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From the outset, the Trent 60 was fitted with a dry low emissions (DLE) system, designed to provide less than 25 ppm NOx/2 ppm CO at full power. However, initially combustion noise restricted the engine from operating at full power, so the plant had to be de-rated until a fix was found, which took nearly two years. Today, both gas turbine and DLE system have run reliably and successfully at full baseload rating since 2003, as has the whole plant. Indeed, since 2000, the plant achieved around 96% reliability, increasing to 99.7% in 2007, with up to 96% availability. The reliability is now ‘in the top bracket for North America’ according to Fabio. Fired hours run/year now average over 7000 (7800 in 2007), and the total hours run to date is over 64,000.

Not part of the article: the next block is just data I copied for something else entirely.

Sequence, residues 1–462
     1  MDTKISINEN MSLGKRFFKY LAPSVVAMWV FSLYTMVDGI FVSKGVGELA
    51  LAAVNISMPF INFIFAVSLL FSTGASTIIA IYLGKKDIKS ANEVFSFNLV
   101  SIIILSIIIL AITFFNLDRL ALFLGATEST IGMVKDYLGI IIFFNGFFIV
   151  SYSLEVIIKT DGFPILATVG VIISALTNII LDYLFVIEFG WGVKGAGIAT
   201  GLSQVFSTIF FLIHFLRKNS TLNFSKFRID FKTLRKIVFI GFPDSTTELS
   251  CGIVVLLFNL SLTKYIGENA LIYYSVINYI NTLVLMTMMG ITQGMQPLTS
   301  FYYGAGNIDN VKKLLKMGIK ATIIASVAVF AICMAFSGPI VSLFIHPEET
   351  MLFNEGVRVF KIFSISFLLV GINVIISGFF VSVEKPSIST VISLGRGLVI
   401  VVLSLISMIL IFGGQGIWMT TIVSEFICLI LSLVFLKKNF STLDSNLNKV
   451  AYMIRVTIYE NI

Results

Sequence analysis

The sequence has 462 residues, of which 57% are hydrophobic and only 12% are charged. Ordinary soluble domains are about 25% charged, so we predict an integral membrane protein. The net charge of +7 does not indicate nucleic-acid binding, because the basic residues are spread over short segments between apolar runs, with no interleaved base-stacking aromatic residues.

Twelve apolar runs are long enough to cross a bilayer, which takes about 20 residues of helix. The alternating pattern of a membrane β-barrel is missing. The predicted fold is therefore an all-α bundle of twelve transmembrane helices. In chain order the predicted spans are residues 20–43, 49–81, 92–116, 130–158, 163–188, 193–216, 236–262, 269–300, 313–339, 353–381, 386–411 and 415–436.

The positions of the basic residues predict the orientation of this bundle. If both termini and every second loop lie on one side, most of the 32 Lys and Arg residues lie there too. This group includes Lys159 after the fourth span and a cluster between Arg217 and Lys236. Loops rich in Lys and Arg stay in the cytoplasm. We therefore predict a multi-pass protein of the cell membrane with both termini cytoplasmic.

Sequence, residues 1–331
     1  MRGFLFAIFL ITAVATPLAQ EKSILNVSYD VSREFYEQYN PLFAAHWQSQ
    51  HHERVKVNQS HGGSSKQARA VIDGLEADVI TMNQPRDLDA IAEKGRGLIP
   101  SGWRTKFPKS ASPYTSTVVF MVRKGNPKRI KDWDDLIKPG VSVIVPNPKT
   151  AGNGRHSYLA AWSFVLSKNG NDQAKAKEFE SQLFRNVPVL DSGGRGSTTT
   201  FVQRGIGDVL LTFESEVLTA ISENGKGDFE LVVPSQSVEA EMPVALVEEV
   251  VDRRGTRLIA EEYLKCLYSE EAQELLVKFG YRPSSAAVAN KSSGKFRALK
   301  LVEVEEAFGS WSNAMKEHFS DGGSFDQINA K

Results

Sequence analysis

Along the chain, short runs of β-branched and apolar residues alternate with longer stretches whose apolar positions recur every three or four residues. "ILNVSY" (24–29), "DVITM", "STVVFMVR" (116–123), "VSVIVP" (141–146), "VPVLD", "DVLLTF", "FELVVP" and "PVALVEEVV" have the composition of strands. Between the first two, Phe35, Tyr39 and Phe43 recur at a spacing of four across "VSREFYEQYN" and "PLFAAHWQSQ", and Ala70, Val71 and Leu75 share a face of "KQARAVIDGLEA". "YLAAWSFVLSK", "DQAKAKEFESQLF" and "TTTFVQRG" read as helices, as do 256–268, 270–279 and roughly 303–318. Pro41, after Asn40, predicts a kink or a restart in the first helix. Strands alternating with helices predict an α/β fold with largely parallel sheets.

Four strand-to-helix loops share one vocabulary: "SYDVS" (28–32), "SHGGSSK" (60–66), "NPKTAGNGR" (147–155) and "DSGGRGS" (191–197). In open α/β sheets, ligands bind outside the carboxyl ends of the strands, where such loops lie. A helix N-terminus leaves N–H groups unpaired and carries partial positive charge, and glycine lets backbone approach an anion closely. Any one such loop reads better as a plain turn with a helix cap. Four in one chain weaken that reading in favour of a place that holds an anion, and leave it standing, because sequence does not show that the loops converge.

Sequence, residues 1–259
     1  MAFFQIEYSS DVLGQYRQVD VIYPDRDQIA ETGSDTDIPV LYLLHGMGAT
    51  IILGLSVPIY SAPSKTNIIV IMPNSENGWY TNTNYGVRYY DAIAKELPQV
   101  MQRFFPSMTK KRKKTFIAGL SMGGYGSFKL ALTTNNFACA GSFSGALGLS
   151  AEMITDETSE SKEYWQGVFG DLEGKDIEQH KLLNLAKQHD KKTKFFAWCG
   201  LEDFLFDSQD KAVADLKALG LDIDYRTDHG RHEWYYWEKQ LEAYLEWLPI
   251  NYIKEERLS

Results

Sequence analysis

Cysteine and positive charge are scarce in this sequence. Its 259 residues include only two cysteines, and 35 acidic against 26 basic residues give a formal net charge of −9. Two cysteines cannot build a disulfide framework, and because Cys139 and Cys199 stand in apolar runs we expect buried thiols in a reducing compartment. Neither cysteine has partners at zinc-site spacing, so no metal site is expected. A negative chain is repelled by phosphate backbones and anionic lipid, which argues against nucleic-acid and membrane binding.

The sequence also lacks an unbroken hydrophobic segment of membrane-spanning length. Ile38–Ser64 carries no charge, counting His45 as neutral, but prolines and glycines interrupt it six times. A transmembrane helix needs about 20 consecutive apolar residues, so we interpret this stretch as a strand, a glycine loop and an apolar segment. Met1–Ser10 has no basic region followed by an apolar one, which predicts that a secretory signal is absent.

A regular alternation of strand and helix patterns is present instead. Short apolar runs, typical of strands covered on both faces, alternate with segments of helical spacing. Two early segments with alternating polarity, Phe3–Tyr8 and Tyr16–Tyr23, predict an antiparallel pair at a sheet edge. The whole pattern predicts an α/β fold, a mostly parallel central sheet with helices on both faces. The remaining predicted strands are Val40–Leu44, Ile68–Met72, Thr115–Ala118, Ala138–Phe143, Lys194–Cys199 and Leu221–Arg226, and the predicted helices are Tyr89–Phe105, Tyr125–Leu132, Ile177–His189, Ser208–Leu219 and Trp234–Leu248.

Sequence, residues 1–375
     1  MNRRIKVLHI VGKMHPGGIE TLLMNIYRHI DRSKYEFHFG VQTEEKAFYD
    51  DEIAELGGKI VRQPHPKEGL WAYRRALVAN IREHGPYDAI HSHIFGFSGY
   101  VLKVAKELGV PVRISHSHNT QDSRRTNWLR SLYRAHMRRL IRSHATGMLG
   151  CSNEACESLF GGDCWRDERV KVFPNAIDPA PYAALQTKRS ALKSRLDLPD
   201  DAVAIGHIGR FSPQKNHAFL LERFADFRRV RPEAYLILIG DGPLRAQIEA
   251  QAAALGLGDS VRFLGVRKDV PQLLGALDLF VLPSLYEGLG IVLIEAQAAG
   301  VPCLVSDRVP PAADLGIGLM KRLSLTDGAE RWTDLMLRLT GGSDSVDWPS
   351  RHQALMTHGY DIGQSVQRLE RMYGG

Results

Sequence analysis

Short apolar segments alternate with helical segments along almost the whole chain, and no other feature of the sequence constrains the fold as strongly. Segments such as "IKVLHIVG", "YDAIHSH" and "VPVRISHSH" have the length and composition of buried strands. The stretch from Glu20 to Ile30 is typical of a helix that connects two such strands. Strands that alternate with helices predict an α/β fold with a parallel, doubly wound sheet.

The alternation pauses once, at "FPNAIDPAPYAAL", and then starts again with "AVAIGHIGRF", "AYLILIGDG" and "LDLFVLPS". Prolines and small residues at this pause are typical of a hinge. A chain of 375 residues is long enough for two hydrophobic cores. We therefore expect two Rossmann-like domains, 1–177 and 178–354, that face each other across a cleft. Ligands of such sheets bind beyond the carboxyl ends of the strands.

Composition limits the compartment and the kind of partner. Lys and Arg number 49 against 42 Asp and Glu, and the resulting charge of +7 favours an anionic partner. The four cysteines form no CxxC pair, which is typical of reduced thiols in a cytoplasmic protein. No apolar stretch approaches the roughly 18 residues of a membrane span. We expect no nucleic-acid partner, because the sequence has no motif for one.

The Trent 60 boasts a rapid engine maintenance time and up to 4000 starts without overhaul. At Whitby Cogeneration, Fabio Schuler carries out routine maintenance once a month, but has some ‘flexibility’ in this. Rolls-Royce has a long-term service agreement (LTSA) to provide site and factory support for the gas turbine, with an option for a further six-year renewal in 2010. The scope of services covers trained personnel to plan and supervise all scheduled and unscheduled on-site gas turbine maintenance, spares, plus supervision of any engine removal, installation and commissioning. Also included is 24-hour technical support. Maintenance also covers remote monitoring, and this includes regular borescope inspections (mainly to the hot section). Hot section repairs are scheduled at 25,000 hour intervals, but a major inspection and complete overhaul is carried out after 50,000 operating hours. A backup gas turbine is available to replace the contract engine temporarily when that is removed for overhaul.